After a start as a teacher's assistant for Miami-Dade County schools, Ros-Lehtinen opened the private Eastern Academy in Hialeah in 1978 -- working as both a teacher and principal for eight years. Hearing about the economic struggles of her students' parents, Ros-Lehtinen says, led her to seek public office.

Ileana the educator became Ileana the politician in 1982, when she was elected to the Florida House of Representatives. She married another Tallahassee politician, then-state Rep. Dexter Lehtinen, after the 1984 legislative session. Lehtinen, a Democrat at the time, soon after switched his party affiliation to Republican.

The 1985 announcement of Ros-Lehtinen's pregnancy prompted a Miami Herald headline: "Here's historic first: a baby in the House."

Not everyone was enamored of the newlywed lawmakers. When Ros-Lehtinen and her husband won separate state Senate seats, political opponents called the couple's combined campaign an unfair advantage. Dexter Lehtinen later became a U.S. attorney and then a private-practice attorney with clients that include the Miccosukee Tribe of Florida.

Ros-Lehtinen had her eye on a congressional seat. Her 1989 election marked the first time a Hispanic woman or a Cuban American had risen to such a post.


She began to exert influence on U.S. policy toward Cuba. In the Legislature, she had solidified a reputation as an anti-communist hard-liner, pushing Florida House resolutions bashing Fidel Castro and speaking out nationally against thawing U.S.-Cuba relations.

Today, Ros-Lehtinen serves as the ranking member of the House Committee on Foreign Affairs and has worked to become an expert on countries across the globe -- not just her native Cuba.

On Cuba, Ros-Lehtinen supports the continuation of strict travel restrictions, although some in the Cuban-American community have criticized them for keeping families apart. Ros-Lehtinen's opponent, Taddeo, has said the travel restrictions should be eased. Both support the continuation of the trade embargo.

Although closely identified with Cuba policy, Ros-Lehtinen says her record in Congress is about much more than that -- including the securing of federal funds for dredging the Miami River and restoring the sands of Miami Beach.

Her priorities, if reelected, would include resuscitating the economy, pushing for a national catastrophe fund, and improving college financial-aid programs, she said.

Her voting record on domestic issues reflects the "moderate Republican" title bestowed on her by gov track.us, a congressional-tracking website.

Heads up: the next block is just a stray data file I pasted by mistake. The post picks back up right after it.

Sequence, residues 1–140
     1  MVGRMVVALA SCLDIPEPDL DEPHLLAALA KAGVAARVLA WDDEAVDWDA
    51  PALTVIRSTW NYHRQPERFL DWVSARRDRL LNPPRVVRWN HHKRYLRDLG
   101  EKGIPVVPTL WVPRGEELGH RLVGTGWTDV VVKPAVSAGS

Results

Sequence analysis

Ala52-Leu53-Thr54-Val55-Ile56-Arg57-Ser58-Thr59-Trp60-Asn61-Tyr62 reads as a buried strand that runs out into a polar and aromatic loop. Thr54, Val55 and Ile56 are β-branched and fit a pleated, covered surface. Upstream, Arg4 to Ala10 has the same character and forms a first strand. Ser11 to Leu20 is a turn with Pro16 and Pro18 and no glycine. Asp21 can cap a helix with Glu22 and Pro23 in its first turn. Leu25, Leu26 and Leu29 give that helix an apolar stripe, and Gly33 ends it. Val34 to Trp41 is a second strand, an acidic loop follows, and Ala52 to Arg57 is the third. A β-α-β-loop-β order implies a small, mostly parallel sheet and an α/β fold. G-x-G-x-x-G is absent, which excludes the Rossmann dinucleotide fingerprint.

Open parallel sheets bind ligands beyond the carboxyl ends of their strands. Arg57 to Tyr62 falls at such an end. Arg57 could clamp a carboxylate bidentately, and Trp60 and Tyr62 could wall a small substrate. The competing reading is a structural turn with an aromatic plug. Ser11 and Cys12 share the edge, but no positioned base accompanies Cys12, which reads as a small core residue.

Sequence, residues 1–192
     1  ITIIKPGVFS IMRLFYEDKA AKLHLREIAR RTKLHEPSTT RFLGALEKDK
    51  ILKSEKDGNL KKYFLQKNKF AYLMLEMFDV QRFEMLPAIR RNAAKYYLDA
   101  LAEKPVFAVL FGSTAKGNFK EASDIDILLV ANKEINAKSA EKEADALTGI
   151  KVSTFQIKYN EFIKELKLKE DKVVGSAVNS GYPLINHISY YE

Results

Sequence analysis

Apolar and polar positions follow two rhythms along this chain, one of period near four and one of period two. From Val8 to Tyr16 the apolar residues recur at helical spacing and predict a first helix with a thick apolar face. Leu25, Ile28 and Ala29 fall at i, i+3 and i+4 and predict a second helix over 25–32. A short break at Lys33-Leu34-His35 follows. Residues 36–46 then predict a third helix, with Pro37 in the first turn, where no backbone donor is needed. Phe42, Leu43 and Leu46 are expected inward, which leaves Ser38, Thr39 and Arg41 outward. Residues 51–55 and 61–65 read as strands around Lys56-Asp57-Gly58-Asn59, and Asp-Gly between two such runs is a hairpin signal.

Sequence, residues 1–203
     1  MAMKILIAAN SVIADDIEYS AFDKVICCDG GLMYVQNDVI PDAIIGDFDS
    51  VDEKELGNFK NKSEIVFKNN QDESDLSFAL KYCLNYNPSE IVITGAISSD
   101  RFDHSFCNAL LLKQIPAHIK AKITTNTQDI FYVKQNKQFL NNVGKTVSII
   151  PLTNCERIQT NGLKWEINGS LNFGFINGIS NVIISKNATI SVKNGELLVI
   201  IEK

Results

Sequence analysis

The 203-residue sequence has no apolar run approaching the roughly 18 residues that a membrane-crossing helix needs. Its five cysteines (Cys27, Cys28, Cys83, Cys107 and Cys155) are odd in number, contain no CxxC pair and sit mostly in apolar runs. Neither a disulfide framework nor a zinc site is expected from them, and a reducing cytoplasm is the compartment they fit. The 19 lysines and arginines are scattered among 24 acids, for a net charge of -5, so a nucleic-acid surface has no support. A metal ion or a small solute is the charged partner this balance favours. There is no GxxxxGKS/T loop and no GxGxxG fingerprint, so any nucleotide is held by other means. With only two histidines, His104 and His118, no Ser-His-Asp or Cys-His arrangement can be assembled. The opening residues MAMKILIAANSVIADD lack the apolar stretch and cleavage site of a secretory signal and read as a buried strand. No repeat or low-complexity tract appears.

Ros-Lehtinen has bucked her own party with her pro-immigrant stance, her support of raising the minimum wage, and her commitment to protecting the equal rights of gays and lesbians.

"She's very, very supportive and stands with us, " said Rachel Balick of Human Rights Campaign, a Washington-based gay-advocacy group.

There are other issues on which Ros-Lehtinen's positions more closely follow those of her party.

She has voted against stem-cell research, and she voted for the federal government's intervention in the Terri Schiavo case -- a national right-to-die debate centering on a brain-damaged Pinellas Park woman.

In 2002, Ros-Lehtinen joined most other House Republicans in authorizing President Bush to invade Iraq.

Asked if the decision to enter Iraq was a mistake -- an opinion that a majority of Americans hold, according to polls -- she replied: "We can look back and rewrite history. I prefer to look forward."

Ros-Lehtinen offered a similar "look forward" response when asked to assess the Bush administration's overall performance.

"The new administration will be far different than the present one, whether it's Republican or Democratic, " she said. "And I'm optimistic that people will vote for me and send me back to D.C. because of my record of service."


Born: July 15, 1952, Havana, Cuba.

Education: Florida Inter- national University; doctorate in education, Uni versity of Miami.

Professional: Former teacher; founder of Eastern Academy, a private elementary school in Hialeah.

Political: U.S. House of Representatives, 1989- resent; Florida Senate, 1987-89; Florida House, 1983-86.

Personal: Lives in Pine- crest with husband, former Miami U.S. Attorney Dexter Lehtinen. They have two grown daughters.